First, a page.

Self Expression Magazine

The Confronting Truth

Posted on the 30 September 2015 by Onestory
Eighteen months ago my rational mind was taken hostage by my eating disorder. Almost every aspect of my life is on hold while I live with it. Starving is utterly miserable and vomiting is HELL. I don't want this illness to take another year away from me. I am both jailer and inmate in the prison that I live in, but neither part of me wants to stick around. I have the key. I can get out. I'm cold, hungry, afraid, broke and lonely, and without a doubt, I will stay this way until I unlock the door and step through.
The confronting truth
It's time for a reality check. As uncomfortable it is for me to face, here is the truth about my eating disorder as it is today.

Things have changed

Sometimes I wish I could go back to the days when the answer to everything was in watching the number on my scale go down. But the fact is, I'm not there anymore. It didn't work. I don't need my eating disorder to function in the same way as I did in the beginning. I am done and dusted with the triggers that set it off, and can better manage at least some of the situations that aggravate it. To an extent, it continues out of habit, as a sort of addiction. The guts of it have been exposed and what's left is a bunch of destructive behaviours, a brain that's stuck in a holding pattern, and a body that communicates things I don't want it to.

I'm treating myself like crap and I don't know why

When I don't feed myself as I should, I am effectively saying I don't deserve basic care. I feel compassion for other living things. I free spiders from certain death, treat bees with respect, and nurture plants as if they are children*. I don't think starvation is a suitable punishment for anyone - even the worst kind of criminals. Food is fundamental. Why on earth am I not allowing myself the nourishment that I would wish for everyone else? I did nothing wrong.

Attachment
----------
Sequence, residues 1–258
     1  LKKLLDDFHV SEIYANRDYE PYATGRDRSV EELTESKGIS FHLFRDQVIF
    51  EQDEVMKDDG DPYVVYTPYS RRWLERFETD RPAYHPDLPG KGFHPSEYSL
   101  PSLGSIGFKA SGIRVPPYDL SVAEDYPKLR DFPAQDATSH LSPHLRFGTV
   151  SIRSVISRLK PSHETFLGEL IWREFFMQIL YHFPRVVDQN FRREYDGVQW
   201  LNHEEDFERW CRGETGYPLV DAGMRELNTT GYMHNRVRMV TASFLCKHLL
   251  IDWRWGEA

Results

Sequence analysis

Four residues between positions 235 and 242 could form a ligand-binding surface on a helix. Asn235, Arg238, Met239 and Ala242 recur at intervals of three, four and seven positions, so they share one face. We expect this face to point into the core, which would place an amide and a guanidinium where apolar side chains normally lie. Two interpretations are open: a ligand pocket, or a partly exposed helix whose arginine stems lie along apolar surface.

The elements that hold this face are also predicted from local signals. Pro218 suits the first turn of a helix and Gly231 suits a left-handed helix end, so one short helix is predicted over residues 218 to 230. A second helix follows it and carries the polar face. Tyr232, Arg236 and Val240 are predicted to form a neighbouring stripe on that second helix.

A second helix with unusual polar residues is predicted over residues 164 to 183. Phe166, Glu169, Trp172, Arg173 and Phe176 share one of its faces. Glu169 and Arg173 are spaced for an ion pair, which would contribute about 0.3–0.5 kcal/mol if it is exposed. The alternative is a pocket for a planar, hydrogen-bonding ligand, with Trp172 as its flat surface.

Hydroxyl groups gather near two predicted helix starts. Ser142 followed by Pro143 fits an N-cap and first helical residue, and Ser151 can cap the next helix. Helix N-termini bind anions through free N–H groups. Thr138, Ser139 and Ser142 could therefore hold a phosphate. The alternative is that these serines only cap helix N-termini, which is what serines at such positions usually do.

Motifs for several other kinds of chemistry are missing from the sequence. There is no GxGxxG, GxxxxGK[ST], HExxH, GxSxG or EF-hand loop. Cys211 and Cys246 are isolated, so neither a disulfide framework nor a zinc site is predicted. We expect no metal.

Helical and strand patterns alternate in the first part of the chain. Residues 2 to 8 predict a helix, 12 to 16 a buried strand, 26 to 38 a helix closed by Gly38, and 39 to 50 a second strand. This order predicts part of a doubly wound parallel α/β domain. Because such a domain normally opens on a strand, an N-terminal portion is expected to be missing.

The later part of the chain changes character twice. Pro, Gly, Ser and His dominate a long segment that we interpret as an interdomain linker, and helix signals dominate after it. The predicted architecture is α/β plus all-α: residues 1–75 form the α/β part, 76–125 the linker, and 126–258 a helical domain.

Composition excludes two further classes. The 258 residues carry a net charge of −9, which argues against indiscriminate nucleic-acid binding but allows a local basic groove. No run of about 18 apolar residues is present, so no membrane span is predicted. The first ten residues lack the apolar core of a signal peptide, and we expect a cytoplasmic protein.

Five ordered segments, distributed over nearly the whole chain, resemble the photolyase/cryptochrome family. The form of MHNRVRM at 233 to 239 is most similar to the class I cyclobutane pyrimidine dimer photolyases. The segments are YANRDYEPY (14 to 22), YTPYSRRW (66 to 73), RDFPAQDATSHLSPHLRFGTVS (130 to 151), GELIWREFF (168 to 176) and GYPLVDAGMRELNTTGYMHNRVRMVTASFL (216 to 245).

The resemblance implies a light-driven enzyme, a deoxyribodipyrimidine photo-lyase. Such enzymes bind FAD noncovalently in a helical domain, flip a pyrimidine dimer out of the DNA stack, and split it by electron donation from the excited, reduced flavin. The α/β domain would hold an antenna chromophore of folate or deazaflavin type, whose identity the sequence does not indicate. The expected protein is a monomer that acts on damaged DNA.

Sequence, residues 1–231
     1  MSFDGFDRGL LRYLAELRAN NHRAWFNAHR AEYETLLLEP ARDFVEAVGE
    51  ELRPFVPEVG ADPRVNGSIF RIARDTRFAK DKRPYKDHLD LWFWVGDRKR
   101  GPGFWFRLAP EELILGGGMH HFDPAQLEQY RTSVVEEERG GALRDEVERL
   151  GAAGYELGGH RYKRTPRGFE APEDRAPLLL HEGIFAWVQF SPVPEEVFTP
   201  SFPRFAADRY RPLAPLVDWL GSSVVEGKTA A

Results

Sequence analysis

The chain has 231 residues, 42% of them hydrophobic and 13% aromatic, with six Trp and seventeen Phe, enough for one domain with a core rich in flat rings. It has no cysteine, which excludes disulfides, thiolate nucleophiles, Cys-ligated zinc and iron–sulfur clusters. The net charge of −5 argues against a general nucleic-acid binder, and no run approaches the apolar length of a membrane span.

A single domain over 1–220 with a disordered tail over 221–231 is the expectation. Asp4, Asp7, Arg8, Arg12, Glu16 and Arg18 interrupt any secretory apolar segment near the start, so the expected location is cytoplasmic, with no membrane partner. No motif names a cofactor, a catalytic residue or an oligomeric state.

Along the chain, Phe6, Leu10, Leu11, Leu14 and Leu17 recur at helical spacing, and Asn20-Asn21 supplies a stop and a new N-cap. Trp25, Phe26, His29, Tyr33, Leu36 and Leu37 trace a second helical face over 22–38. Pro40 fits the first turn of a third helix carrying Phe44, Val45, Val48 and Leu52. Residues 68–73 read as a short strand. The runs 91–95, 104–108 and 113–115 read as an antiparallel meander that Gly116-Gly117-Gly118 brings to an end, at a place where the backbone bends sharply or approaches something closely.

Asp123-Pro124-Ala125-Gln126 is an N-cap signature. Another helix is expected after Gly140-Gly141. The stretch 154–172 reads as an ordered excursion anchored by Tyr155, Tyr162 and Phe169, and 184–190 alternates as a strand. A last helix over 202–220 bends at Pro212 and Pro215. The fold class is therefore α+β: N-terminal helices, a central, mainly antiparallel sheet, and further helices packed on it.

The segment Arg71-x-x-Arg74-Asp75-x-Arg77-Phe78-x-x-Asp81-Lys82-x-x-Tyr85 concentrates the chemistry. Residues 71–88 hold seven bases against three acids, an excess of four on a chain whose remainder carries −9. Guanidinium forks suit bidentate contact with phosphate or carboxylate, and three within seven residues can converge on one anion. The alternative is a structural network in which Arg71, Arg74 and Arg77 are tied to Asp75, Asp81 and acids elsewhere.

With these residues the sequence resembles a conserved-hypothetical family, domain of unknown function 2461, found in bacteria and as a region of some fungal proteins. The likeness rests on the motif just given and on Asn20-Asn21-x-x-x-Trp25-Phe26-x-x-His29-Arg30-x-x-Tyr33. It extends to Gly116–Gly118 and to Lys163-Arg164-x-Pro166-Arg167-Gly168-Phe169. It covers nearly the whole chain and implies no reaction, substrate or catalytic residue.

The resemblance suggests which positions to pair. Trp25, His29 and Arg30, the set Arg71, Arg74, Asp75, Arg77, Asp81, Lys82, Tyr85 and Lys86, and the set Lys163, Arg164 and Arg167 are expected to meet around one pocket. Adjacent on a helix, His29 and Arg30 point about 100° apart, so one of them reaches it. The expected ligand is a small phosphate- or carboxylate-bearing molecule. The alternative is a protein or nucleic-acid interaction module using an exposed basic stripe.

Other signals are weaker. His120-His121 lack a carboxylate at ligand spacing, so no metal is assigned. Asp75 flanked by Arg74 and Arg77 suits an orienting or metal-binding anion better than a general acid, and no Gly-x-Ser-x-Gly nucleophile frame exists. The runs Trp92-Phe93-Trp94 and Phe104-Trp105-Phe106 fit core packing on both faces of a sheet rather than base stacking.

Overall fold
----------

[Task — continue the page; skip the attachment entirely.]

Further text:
The quality of my life is rubbish

Restriction isn't just about limiting food, it also means a limited life. Whatever my future holds, nothing will change while I am ruled by this disorder. I'll stay stuck - that's it. So much has gone wrong in the recent past, that I am petrified of putting myself back into the world. When I began, I needed to make my body and life small - it felt safer, but I'm learning ways I can protect myself that are infinitely better. Putting on weight doesn't mean I automatically have to throw myself into everything full blast. I can do it all at the pace that is right for me, and protect the space I need to heal. Nothing in my life will be solved immediately when I overcome the weight gain hurdle, but it will not happen until I do.

This is affecting my kids

Shielding my children from my eating disorder has always been a priority. I make sure my weird rituals are kept well out of their sight and purposefully eat in front of them. I never say anything negative about my body to them, and do my best to help them grow a healthy relationship with food and their bodies. But I'm not fooling myself. I say the right things, but I don't do the right things. What am I communicating to them when I won't share an ice-cream with them on a Saturday afternoon? What sort of role model am I? I know they notice my minuscule portions. They wonder why I cook and eat my dinners separately from them. My children miss out on the warm sense of togetherness that comes from sharing a meal. My oldest in particular asks questions about what I eat and my weight loss is on his radar. Children at school have commented on my size to the kids, and that feels like every kind of wrong.

I let fear call the shots